Here are a few more notes and a mistake I made:


Shelina said...

Hi, Welcome to Quilters Home newsgroup. I followed the link to your blog, and have enjoyed reading it. This desk idea is genius. I can't afford to buy a sewing cabinet, and don't have the space for it either, but this sounds like a wonderful way to get the features of one.

Deb H said...

What a clever girl you are M. Why, I'll bet your machine even sounds quieter with all that insulation around it!

The vinyl doesn't slide at all?

I'm adding you to my list. Welcome to Blog-land, maybe we can meet some time when you come to Anchorage, or when I head down to Seward. We'll be down there for fishing this summer. Our feezer is officailly out of Halibut, & I had to breat down & buy salmon last week!

mishka said...

Hi Marguerita,

I like this idea. I realize after reading your article, my existing table itself is just too high, and I need something lower. It's from Ikea so I need to see if I can replace the legs to the adjustable variety.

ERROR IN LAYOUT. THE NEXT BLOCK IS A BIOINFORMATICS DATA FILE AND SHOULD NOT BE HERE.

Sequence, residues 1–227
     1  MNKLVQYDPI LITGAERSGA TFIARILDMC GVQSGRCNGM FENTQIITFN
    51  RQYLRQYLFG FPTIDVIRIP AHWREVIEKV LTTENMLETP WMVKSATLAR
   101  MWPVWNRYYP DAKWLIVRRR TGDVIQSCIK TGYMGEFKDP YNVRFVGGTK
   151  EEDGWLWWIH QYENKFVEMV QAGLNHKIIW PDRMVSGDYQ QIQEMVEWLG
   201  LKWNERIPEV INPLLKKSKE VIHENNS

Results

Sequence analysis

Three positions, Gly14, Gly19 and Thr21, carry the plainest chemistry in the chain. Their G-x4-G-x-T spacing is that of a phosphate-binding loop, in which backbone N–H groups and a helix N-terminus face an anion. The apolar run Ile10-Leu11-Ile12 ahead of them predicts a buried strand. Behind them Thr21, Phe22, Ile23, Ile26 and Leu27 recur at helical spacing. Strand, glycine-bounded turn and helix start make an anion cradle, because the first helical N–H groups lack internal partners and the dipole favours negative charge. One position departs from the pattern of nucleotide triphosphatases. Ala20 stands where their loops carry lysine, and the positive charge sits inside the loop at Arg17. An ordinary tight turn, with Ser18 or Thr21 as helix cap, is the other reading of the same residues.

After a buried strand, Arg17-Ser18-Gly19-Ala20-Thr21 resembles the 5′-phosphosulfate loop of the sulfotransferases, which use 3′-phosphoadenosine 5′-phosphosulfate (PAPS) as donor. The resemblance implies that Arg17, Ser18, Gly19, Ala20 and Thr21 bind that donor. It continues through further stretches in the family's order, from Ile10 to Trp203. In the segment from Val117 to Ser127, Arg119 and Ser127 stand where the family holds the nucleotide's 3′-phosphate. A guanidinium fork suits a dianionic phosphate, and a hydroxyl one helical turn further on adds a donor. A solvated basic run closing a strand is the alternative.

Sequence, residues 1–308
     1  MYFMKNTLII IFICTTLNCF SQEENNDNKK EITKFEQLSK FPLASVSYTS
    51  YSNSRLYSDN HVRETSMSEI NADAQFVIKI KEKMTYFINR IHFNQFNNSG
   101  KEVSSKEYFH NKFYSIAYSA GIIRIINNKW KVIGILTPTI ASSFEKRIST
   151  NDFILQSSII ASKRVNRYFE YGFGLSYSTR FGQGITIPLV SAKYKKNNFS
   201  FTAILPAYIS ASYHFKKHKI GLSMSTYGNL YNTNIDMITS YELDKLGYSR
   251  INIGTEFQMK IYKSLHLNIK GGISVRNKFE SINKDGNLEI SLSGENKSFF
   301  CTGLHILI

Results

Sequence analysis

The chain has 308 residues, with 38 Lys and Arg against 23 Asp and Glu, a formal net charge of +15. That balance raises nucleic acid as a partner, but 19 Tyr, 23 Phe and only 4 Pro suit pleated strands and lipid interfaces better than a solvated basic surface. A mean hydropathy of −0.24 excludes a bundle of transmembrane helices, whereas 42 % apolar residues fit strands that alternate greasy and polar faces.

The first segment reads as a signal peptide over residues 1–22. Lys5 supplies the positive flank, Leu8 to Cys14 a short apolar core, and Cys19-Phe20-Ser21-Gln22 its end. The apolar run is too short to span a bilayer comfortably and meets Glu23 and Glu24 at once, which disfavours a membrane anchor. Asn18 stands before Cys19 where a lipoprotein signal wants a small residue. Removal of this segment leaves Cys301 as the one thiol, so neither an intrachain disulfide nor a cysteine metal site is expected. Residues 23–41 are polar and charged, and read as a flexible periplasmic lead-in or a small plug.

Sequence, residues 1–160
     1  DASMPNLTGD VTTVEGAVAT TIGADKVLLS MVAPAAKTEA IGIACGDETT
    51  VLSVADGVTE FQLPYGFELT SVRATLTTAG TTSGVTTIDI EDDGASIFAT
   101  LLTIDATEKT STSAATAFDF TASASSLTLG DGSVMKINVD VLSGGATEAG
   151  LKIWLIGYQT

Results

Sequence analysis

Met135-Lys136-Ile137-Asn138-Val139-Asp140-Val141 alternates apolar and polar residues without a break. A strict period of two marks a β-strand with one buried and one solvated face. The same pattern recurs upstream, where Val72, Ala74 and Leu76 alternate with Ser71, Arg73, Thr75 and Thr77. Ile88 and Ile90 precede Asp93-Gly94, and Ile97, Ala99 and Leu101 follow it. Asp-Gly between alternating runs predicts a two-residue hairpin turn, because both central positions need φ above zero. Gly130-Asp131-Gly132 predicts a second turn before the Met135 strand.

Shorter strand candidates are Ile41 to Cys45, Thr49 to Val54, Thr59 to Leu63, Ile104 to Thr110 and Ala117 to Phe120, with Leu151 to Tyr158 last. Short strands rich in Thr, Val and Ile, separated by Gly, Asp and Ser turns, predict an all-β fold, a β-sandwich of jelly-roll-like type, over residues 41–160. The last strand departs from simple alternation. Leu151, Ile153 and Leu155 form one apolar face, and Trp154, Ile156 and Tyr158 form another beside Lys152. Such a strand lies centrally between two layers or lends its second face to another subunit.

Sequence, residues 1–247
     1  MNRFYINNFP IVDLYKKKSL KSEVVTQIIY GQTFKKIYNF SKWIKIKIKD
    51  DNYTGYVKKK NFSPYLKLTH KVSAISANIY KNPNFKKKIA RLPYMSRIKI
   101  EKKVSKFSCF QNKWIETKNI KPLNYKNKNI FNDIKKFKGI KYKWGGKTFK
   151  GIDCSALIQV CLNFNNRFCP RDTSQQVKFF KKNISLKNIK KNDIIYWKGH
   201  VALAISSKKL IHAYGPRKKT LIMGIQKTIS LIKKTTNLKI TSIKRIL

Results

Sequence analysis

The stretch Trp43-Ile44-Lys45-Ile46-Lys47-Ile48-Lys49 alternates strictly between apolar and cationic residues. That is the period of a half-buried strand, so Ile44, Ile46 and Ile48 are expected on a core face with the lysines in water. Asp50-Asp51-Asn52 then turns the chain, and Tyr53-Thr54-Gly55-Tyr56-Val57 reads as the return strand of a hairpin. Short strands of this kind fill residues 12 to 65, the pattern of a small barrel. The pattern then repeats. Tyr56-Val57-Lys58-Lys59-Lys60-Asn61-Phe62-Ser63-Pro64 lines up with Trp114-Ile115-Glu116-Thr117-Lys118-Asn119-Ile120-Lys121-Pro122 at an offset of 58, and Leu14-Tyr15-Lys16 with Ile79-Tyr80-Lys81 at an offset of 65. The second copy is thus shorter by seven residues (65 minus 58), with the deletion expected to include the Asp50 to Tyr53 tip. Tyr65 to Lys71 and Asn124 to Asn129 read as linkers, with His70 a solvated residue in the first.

I have a question about the vinyl though. Do you find it gets static-y? Static in the winter is quite bad where I am, as the electric heat and concrete walls means I'm forever getting zapped.

I'll be in touch via email about the other stuff later.

Quilting Gallery

MMM said...

Hi Mishka! I love your blogs! Good question about the static. Where I live it rains a lot, it's a seaside community and we have problems with dampness, and yet there *is* enough static to catch threads and lint on the vinyl.

I've never experienced a zap while piecing, sewing or quilting but in drier conditions you might want your chair on an anti-static mat or keep a can of Static Guard handy.

Thanks for checking out my table and best of luck with yours!